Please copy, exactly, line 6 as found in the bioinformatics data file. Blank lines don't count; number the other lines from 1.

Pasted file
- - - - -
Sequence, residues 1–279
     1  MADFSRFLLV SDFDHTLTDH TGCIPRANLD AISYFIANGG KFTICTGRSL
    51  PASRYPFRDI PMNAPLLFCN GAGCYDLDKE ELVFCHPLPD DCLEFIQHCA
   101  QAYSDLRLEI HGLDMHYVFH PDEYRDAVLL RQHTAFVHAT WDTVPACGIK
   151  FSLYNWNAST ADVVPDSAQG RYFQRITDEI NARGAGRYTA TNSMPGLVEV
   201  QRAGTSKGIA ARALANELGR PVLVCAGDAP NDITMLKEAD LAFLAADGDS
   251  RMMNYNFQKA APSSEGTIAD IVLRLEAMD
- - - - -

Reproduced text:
   201  QRAGTSKGIA ARALANELGR PVLVCAGDAP NDITMLKEAD LAFLAADGDS